Clydesdale horse

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Clydesdale horse,

breed of draft horsedraft horse
or work horse,
any breed of horse that is suited to or used for drawing heavy loads. Draft horses originated in central Europe, where their domestication preceded the Roman invasion.
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 developed in Scotland. It closely resembles the Shire horseShire horse,
a breed of draft horse native to central England. It is equal in weight to the Belgian horse and is usually slightly taller. Widely used as a war horse during the Middle Ages, it was well adapted to carry the excessive weight of armor worn by both horse and rider.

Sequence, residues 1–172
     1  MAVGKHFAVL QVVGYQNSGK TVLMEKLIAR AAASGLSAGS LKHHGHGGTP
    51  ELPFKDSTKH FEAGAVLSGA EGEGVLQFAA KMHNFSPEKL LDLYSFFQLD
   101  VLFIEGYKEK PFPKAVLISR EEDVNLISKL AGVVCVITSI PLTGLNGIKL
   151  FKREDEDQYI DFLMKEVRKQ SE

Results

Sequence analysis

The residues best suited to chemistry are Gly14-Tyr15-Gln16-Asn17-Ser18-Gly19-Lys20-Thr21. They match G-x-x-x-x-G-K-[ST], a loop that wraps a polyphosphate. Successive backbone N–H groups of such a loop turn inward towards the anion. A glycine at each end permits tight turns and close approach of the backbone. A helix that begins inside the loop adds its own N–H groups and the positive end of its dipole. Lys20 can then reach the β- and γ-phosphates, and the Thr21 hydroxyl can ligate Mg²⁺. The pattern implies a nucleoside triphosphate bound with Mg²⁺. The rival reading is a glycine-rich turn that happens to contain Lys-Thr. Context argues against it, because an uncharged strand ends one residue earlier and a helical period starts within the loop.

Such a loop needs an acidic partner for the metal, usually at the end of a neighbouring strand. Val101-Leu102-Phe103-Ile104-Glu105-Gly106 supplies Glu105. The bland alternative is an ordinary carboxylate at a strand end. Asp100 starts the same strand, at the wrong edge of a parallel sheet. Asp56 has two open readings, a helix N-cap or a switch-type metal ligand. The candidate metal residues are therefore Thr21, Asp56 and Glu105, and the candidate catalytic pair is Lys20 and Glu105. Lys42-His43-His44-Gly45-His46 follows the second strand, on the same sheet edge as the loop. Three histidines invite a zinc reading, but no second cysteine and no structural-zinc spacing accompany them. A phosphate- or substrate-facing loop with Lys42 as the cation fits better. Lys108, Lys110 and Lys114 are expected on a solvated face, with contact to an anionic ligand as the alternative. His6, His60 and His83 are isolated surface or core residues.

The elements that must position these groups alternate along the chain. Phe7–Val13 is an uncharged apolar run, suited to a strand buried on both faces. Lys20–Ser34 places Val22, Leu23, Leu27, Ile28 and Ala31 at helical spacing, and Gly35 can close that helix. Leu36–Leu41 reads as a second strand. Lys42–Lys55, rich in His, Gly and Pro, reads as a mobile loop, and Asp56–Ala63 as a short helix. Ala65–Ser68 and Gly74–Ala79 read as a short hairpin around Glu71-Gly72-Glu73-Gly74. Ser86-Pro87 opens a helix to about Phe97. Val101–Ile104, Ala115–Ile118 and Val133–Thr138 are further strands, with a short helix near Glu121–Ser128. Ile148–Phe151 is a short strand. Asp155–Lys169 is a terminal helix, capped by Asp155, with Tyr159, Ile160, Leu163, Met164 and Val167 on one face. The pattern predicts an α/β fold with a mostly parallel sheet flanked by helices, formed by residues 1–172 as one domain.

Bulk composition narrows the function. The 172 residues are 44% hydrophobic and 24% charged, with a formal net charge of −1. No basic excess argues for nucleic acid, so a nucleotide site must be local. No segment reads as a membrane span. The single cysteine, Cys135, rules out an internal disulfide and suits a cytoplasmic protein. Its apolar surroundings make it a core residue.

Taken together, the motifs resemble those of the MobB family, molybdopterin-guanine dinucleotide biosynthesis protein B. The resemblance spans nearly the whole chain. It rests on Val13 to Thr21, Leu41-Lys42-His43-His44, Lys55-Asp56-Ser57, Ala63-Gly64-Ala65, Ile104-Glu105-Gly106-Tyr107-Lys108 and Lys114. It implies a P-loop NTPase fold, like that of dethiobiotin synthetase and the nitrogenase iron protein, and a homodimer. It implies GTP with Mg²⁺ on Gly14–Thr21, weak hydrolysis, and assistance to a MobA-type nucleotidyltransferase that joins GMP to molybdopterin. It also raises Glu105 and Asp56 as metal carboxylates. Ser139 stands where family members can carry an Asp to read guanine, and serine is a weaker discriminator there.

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, although it is not as heavy. The Clydesdale is characterized by its graceful, springy step. Initially imported by the United States from Canada, the breed became widely popular owing to its good disposition. It was particularly favored by merchants, who used it to spectacular advantage in the transportation of commercial goods. It is still retained today by horse buffs and private patrons. It averages about 16 hands (64 in./160 cm) high, weighs around 1,800 lb (800 kg), and is characteristically colored rich brown or bay. It has white markings on the face and on the legs, which have luxurious feathering around the fetlocks.